Leading change in public health Assignment

Leading change in public health
Leading change in public health

Leading change in public health

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Week 11 Project Leading Change in Public Health
Then discuss the following issues as they pertain to this particular chronic issue “Deep Vein Thrombosis Even (DVT)/Pulmonary Embolism (PE)”. It is not necessary that you discuss these in this sequence, but you will need to include all of these areas in your final paper. Do a literature search, as needed, for additional information on this issue.
Title: “Deep Vein Thrombosis Even (DVT)/Pulmonary Embolism (PE)”.
Address the following questions:
1. Describe the current reality.
2. What is unacceptable in this situation?
3. What is your public health vision for the situation? What are the outcome goals?
4. What are the barriers and facilitators of change? Make sure you consider the people, the personalities involved, as well as the organizational structure/culture.
5. How do you foster the change process?
6. What is the “creative tension”? What are the tensions that arise from the difference between current reality and the public health goal?
7. Create a logic model for this situation.
8. Describe the ethical implications or concerns of your team’s public health change model.
9. Set the metrics by which you would measure progress and success when addressing this public health issue.
10. Describe how you would ideally address any ambiguity and uncertainty arising from the leadership challenges of this change effort.
11. Provide a bibliography.


New risk factors for VTE (http://www.cdc.gov/ncbddd/dvt/features/keyfinding-blood-proteins.html)
Study explores levels of proteins important in blood clotting as possible new risk factors for VTE
(Published October 15, 2014)

Preventing HA-VTE (http://www.cdc.gov/ncbddd/dvt/features/keyfinding-pba-vte.html)
VTE is both a public health problem and a preventable patient safety problem.
(Published March 6, 2014)

Use of CT Scans in EDs (http://www.cdc.gov/ncbddd/dvt/features/ct-scans.html)
Diagnosis of PE associated with and trends in use of CT scans among patients with chest symptoms.
(Published: December 17, 2013)

New Study Findings: Hospitalizations of adults 60 years of age or older with venous thromboembolism (http://www.cdc.gov/ncbddd/dvt/features/keyfinding-hospitalizations-vte.html)

The journal Clinical and Applied Thrombosis/Hemostasis has published a new study that looks at the rates, trends, and factors associated with venous thromboembolism (VTE) diagnosis among hospitalizations of adults aged ? 60 years during the period 2001 to 2010.
(Published: September 6, 2013)

Key Findings: Venous Thromboembolism (http://www.cdc.gov/ncbddd/dvt/features/pediatricgenetics-keyfindings-vte.html)
Trends in Venous Thromboembolism-related pediatric hospitalizations, 1994-2009.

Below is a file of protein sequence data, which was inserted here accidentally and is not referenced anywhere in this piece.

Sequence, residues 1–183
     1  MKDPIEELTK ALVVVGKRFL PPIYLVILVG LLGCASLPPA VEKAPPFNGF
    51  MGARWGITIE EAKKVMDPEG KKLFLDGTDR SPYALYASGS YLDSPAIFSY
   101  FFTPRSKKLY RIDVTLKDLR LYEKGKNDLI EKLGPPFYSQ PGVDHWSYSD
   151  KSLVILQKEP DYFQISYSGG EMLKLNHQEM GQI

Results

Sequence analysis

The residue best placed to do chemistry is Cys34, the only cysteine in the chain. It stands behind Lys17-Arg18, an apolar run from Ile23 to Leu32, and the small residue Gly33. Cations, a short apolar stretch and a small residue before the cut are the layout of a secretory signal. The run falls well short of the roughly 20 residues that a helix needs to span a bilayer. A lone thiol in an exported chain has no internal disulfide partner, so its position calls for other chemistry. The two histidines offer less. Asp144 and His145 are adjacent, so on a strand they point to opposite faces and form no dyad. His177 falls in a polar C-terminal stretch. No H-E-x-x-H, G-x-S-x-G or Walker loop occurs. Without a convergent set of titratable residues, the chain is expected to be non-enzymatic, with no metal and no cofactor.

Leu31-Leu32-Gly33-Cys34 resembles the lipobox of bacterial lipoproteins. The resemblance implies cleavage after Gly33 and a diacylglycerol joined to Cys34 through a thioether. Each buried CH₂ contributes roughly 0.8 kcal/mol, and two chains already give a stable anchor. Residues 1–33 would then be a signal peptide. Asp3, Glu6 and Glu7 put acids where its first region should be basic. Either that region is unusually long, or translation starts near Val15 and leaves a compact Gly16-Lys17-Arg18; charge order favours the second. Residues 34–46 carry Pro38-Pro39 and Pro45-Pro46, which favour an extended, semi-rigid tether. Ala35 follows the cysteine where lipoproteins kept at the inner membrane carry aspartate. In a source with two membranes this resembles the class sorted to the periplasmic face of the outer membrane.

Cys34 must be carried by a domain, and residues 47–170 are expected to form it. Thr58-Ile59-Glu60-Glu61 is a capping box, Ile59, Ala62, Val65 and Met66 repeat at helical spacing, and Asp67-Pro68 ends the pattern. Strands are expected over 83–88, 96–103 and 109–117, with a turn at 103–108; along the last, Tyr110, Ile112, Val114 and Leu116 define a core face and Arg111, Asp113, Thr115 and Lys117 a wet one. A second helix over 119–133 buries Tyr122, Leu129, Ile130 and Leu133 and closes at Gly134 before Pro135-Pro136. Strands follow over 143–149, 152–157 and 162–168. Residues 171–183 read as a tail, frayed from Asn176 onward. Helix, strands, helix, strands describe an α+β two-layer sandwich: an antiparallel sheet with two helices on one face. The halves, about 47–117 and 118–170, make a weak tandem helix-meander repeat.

(Published: September 17, 2012)

This Is Serious Campaign
This campaign from the Vascular Disease Foundation and Spirit of Women®, in partnership with the CDC, raises awareness and action around the prevention of DVT and PE in women.

Clot Connect
Clot Connect’s mission is to increase knowledge of blood clots and clotting disorders by providing education and support services for patients and health care professionals.

National Blood Clot Alliance
The National Blood Clot Alliance (NBCA) is a patient-led advocacy group dedicated to prevent, diagnose and treat thrombosis and thrombophilia through research, education, support and advocacy.

Venous Disease Coalition
The Venous Disease Coalition (VDC) offers patient and health care provider information to increase awareness on the diagnosis, prevention and treatment of venous diseases.

Blood the Vital Connection (American Society of Hematology)
The American Society of Hematology (ASH) is the world’s largest professional society concerned with the causes and treatments of blood disorders. ASH provides hematologist-approved information on clotting disorders.

National Institutes of Health
The National Institutes of Health (NIH) mission is to employ science in the pursuit of knowledge to improve human health. The National Heart Lung and Blood Institute (NHLBI) is the section of NIH that provides information for professionals and the general public about blood disorders such as deep vein thrombosis.

Agency for Healthcare Research and Quality
The Agency for Healthcare Research and Quality’s (AHRQ) mission is to improve the quality, safety, efficiency, and effectiveness of healthcare for all Americans. This guide from AHRQ describes ways to prevent and treat blood clots; symptoms; and medication side effects as well as when to go to the emergency room.
Surgeon General’s Call to Action to Prevent Deep Vein Thrombosis and Pulmonary Embolism